This past summer, July 2023 went down in history as the hottest month ever recorded.The impacts of climate change on our world are getting harder to ignore, and farmers are on the frontlines both in experiencing that impact firsthand and holding a piece of the puzzle to a brighter path forward. Now is the time to understand – and prepare for – the effects that a changing climate can have on our farms and waterways.
To start, climate change makes droughts longer, more severe, and more frequent (U.S. Geological Survey). We’ve already seen evidence of this in the past few years with an increased number of major droughts per year (NASA).
These droughts can impact the application and efficacy of pesticides, herbicides, and other chemicals used in conventional farming. During hot and dry weather, pesticides are more likely to drift from the target area where they were applied. The spray droplets evaporate faster in these conditions, leaving behind smaller droplets that are more likely to end up in non-target areas, including waterways (Oregon).
Furthermore, some pesticides need moisture to work, which renders them less effective during drought, and can also contribute to drift (Oregon). Over time, pesticides tend to break down into less toxic chemicals through processes such as hydrolysis and microbial breakdown, but drought hinders these processes. This means that pesticides will accumulate if they are continuously sprayed during drought (Oregon). It’s evident that during periods of drought, pesticides are less effective and have more potential to cause harm.
Luckily, there are farming methods that entirely avoid these issues during droughts and beyond.
Rodale Institute’s Farming System Trial has been studying side-by-side plots of conventional and organic cash crops for more than 40 years. They found that during most years, the conventional and organic manure systems matched each other for yield. But during a notably dry year, the organic manure system produced a significantly higher yield. As droughts become more frequent, organic practices stand out as a clear avenue to avoid both the limitations and dangers of pesticides.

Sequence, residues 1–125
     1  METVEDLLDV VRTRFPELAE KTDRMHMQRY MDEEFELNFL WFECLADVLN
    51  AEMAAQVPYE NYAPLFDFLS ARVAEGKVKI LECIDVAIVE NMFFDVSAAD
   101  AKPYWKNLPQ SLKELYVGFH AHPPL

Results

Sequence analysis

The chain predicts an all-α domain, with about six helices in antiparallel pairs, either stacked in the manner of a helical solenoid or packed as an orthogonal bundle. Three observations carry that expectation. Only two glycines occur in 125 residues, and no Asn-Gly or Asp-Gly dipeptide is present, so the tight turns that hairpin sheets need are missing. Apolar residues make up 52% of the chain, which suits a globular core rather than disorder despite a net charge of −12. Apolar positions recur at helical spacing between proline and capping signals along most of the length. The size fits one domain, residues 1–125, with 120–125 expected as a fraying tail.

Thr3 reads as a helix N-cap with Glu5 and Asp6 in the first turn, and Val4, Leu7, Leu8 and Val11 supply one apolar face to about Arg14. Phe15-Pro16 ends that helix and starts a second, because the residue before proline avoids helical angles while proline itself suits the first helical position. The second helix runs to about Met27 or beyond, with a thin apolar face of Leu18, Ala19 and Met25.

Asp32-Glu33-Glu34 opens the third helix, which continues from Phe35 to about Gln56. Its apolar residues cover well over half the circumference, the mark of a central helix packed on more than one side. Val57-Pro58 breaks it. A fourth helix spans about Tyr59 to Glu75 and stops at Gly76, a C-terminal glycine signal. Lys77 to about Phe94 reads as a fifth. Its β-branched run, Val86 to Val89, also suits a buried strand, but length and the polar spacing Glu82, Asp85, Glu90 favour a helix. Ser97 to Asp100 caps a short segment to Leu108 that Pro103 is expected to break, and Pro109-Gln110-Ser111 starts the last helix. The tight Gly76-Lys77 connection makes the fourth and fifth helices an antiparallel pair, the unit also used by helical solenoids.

Organic practices are also standing out as pests are becoming resistant to pesticides and weeds are developing resistance to herbicides. Pests who have been exposed continuously to the same pesticide can undergo natural selection that allows the surviving population to continue to survive when the pesticide is applied. Pesticide resistance is becoming more common, which causes problems for farmers and poses higher risks of contamination to the environment and to people (University of Nebraska-Lincoln).
Unfortunately, climate change is also expected to make pest problems worse. As temperatures rise and precipitation patterns change, pest populations and their geographic locations are expected to change, giving farmers new challenges (USDA). Increased levels of CO2 in the atmosphere also encourage the growth of weeds (USDA).
This combination of decreased effectiveness of pesticides and worsening pest problems means that pesticide usage is expected to increase in the coming years (PANNA). This is not only ineffective, but also carries devastating implications for our waterways.
Around half a million tons of pesticides are applied to US farmland each year, and runoff and infiltration brings pesticides into our streams, rivers, and groundwater (U.S. Geological Survey). This poses dangers to fish and other wildlife and can even impact our drinking water (U.S. Geological Survey).
Supporting local organic farms is one of the best ways consumers can show support to farmers and protect our waterways in the face of climate change. If you are a consumer, make it a priority to buy local organic produce when and where you can.
If you are a farmer, consider transitioning to an organic farm – or even make a start by adopting a few organic practices and reducing your pesticide usage. If you do find yourself using pesticides in a time of drought, this advisory contains advice to minimize harm during application.